Chris: Or he could see that I really have changed and he’d can me.

Damien: OK, well, just tell me this. Do you like working here?

Chris: Yeah, of course I do.

Damien: OK, well, then, you’ve just got to tough it out. I mean, you’ve just got to use the game face on these people. You used to be the best at doing that. So you’re just gonna have to get back to being a salesman and leave everything else behind.

Chris: I guess I never realized how much my problems were affecting my work. I thought Carl was just out to get me, but now you’re noticing something too, then maybe I have changed.

Thanks, thanks for talking this out.

Summary (Listening)

Listening is an active process that involves attending, understanding, remembering evaluating and responding. Effective listening is essential to competent communication.

Attending is the process of selecting the sound waves we consciously process. We can increase the effectiveness of our attention by (1) getting ready to listen, (2) making the shift from speaker to listener a complete one, (3) hearing a person out before reacting, and (4) adjusting our attention to the listening goals of the situation.

Understanding is the process of decoding a message by assigning meaning to it. Understanding requires empathy, intellectually identifying with or vicariously experiencing the feelings, thoughts or attitudes of another. We can increase our ability to empathize through caring and concentrating. A key to understanding is to practice active listening: Look for or create an organization for the information, ask questions and paraphrase.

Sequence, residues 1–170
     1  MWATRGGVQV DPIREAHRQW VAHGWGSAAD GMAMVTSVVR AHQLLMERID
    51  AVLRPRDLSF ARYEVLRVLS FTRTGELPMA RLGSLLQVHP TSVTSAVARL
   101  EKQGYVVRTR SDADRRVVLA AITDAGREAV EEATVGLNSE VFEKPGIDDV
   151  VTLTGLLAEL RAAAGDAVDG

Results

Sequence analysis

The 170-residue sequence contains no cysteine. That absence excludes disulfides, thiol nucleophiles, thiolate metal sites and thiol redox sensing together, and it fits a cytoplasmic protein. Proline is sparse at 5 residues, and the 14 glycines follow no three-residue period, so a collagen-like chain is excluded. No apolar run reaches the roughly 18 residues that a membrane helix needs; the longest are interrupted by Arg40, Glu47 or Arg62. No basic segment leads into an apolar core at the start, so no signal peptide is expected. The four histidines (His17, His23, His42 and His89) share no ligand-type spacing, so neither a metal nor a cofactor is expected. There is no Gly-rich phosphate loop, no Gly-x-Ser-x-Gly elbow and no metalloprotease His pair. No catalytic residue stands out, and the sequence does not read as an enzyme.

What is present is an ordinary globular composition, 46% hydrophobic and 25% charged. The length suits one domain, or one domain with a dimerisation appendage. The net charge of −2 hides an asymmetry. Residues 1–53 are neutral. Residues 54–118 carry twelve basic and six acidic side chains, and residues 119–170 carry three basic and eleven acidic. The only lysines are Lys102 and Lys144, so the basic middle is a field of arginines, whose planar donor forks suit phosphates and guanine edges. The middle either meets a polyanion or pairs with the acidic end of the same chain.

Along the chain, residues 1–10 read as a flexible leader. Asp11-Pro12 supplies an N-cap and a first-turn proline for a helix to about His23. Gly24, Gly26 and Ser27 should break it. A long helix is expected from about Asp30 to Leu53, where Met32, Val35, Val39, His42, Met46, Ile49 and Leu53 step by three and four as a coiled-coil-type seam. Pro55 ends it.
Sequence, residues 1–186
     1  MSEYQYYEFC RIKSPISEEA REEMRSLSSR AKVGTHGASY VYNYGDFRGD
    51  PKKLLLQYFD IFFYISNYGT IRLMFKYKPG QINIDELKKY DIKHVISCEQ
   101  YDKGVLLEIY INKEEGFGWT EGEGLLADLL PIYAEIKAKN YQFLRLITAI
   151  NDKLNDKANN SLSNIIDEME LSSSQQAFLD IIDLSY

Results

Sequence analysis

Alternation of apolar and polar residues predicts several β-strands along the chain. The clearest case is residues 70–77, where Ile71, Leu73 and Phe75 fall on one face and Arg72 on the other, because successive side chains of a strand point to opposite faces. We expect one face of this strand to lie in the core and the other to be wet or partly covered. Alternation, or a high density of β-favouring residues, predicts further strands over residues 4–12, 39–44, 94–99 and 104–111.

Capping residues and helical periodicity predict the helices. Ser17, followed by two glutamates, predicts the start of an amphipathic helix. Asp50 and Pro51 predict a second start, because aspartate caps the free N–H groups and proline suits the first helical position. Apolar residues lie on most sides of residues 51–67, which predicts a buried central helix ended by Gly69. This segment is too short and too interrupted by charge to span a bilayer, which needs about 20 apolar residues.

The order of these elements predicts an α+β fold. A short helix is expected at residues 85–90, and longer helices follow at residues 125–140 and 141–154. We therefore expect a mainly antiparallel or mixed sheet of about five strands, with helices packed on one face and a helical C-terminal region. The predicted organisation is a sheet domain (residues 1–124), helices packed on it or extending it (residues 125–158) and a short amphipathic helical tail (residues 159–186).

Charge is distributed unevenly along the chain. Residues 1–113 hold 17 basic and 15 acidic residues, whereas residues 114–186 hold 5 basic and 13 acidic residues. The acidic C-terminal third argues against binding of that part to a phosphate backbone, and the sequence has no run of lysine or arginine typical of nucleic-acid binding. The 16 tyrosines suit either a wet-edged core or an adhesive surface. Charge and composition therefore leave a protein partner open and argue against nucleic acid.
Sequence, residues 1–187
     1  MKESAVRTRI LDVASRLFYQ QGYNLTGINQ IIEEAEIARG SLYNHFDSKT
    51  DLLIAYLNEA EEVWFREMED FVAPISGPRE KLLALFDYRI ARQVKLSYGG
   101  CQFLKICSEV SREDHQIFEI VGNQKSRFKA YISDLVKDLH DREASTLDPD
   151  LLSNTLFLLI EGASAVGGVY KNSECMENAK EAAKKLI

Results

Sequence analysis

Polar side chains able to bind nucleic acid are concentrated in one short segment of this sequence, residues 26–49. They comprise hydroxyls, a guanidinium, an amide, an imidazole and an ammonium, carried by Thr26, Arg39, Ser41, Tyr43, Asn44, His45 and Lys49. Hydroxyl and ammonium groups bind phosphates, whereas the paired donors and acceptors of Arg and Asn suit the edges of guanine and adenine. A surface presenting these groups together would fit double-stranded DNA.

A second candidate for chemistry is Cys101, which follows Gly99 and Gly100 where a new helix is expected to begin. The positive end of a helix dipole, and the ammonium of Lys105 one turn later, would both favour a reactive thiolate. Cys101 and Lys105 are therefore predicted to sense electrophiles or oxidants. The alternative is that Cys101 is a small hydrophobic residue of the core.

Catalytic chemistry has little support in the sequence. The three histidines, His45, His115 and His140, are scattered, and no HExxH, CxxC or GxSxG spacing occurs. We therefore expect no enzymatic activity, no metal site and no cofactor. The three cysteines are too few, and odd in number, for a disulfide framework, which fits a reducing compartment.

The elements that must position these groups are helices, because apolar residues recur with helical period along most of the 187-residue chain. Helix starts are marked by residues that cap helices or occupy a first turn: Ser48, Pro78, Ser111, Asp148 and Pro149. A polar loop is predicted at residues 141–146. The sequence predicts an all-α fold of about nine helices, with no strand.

Remembering is the process of storing the meanings that have been received so they may be recalled later. Remembering is increased by rehearsing information, looking for and storing information by an organizational pattern, grouping information to make it easier to remember and when feasible, taking notes.

Evaluating, or critical listening, is the process of separating fact from inference and judging the validity of the inferences made. A fact is a verifiable statement; an inference is a conclusion drawn from facts. You are listening critically when (1) you question whether the inference is supported with meaningful factual statements, (2) you question whether the reasoning statement that shows the relationship between the support and the inference makes sense, and (3) you question whether there is any other known information that lessens the quality of the inference.

Responding empathically gives comfort. Comforting responses give people information about themselves or their behavior. Comforting can be accomplished through supporting and interpreting responses. When we are supportive, we soothe, approve, reduce tension or pacify the other by acknowledging that we understand what the other is feeling and we support that person’s right to be feeling as they are. When we use interpreting responses, we offer a reasonable or alternative explanation for an event or circumstance with the goal of helping another to understand the situation different perspective.